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Abuse of Power - Regulating the Regulator

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W  v The Jersey Financial Services Commission [2016] JRC 231A

 

We act for the Appellant in a long running litigation with the Jersey Financial Services Commission (the “Regulator”) and we have just received an interlocutory decision in relation to that litigation.  The dispute between our client and the Regulator has been ongoing since 2011. 

 

The Appellant claims that the Regulator pushed him out of his own company, which then went into liquidation, simultaneously depriving him of access to his own company’s computers and to its documentation and deterred him from talking to his colleagues (citing Article 37 of the Financial Services (Jersey) Law, 1998 as a reason for so doing.  We will comment on this aspect in a later blog). 

 

The Appeal itself concerns the decision of the Regulator to issue a public statement in relation to the Appellant in what has been described by the Appellant as pejorative, misleading and inaccurate terms. The proposed public statement remains embargoed pending the hearing of the Appeal. 

 

The Appellant’s notice of appeal was filed on 17 July 2014.  It is an appeal under Article 25(A) of the Financial Services (Jersey) Law 1998 which provides as follows:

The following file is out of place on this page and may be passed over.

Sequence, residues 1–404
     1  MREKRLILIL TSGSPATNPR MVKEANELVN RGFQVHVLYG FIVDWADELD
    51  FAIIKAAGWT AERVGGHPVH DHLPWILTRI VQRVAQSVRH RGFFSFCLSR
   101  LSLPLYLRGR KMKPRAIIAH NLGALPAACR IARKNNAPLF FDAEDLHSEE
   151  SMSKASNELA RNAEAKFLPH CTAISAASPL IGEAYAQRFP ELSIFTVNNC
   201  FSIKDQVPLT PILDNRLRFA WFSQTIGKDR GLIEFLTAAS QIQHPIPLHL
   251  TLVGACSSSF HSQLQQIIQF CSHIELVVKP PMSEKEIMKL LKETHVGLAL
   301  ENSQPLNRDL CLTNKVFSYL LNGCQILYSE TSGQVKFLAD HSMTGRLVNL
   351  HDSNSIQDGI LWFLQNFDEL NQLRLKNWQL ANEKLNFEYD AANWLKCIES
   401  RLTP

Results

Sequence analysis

Notice of public statement

 

(1)    If a public statement identifies any person who is registered, the Commission shall serve notice on the person.

 

(2)     If a public statement identifies any person who is not registered, and at any time before the Commission issues the public statement it is reasonably practicable for the Commission to serve notice on the person, the Commission shall do so.

 

(3)     A notice under paragraph (1) or (2) shall –

(a)     give the reasons for issuing the statement.

 

Notwithstanding the elapse of three years, at the time of the judgement the Appellant has never received an adequate list of reasons for the proposed actions of the Regulator, nor yet has he received an adequate statement of the facts upon which the Regulator relies. 

 

Furthermore, the Appellant is aware on the basis of the Regulator’s own admissions of testimony and doubtless documentation from which he and his lawyers were excluded but which informed the actions of the Regulator. 

 

Earlier applications through the Courts to cause the Regulator to disgorge the documents received from the Appellant’s own company by the Regulator failed for reasons which continue to baffle both the Appellant and his advisors.

 

The attached interlocutory Judgment is a step in the right direction and we quote in part from it where it sets out points of general principle.